The Montana Department of Fish, Wildlife & Parks (FWP) announced May 30 that chronic wasting disease (CWD) was recently found in a white-tailed deer that was killed within the city limits of Libby, Mont., in the state's far northwestern corner.
Officials with FWP collected the doe after residents reported seeing a very emaciated and sick-looking deer.
The agency said initial test results came back positive for CWD this week, and results of a second confirmation test are expected early next week.
According to FWP, this is the first time CWD has been detected in the wild, west of the Continental Divide in Montana.
In accordance with FWP’s CWD response plan, an incident command team has been assembled to respond to the detection. The incident command team will define an Initial Response Area (IRA) around where the infected animal was collected. This will include an area within a roughly 10-mile radius of the collection site. The IRA defines the area within which the disease prevalence and distribution will be determined. In addition, FWP will collect samples from road-killed deer in nearby hunting districts.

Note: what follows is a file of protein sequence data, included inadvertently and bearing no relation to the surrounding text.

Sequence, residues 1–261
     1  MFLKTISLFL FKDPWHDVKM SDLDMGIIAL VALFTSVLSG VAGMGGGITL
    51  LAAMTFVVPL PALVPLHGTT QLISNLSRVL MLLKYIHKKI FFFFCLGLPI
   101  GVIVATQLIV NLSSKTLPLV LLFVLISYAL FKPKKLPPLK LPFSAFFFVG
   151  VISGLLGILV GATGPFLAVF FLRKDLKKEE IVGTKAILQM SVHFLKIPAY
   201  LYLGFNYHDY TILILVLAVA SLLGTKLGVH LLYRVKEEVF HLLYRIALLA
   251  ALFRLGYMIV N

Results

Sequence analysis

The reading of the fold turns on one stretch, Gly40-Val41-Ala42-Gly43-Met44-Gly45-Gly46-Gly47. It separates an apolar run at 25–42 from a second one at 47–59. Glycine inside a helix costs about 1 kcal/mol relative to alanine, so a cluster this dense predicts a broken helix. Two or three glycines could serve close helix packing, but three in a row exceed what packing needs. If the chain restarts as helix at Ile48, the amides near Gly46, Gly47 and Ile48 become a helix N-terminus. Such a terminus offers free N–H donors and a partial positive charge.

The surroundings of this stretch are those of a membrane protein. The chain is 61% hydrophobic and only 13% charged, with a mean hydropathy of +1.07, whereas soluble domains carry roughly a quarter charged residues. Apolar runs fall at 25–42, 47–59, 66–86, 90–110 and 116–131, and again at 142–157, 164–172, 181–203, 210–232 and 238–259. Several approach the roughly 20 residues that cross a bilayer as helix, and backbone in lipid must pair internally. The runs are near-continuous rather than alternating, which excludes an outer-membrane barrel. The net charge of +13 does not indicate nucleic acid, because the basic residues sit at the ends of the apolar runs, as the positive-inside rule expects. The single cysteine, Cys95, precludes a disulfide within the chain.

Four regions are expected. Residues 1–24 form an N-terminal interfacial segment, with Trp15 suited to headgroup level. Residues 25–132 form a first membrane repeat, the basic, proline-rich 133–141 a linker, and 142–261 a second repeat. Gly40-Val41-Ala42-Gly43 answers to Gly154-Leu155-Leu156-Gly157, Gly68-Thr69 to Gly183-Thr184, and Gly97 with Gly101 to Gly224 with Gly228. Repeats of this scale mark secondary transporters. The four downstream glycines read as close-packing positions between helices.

CWD is a progressive, fatal disease affecting the nervous system of cervids — mule deer, white-tailed deer, elk and moose. It is part of a group of diseases called transmissible spongiform encephalopathies (TSEs), which are caused by infectious, mis-folded prion proteins that cause normal prion proteins throughout a healthy animal’s body to mis-fold, resulting in organ damage and eventual death.
CWD is a slow-moving disease. However, left unmanaged, it could result in long-term population declines within affected herds. All the states and provinces that border Montana, other than Idaho and British Columbia, have found CWD in their wild cervids.
CWD was first found in wild deer in Montana in October 2017. To date, CWD has been detected in Carbon, Liberty, Hill, Blaine, Phillips, Valley, Daniels, Sheridan and now Lincoln counties.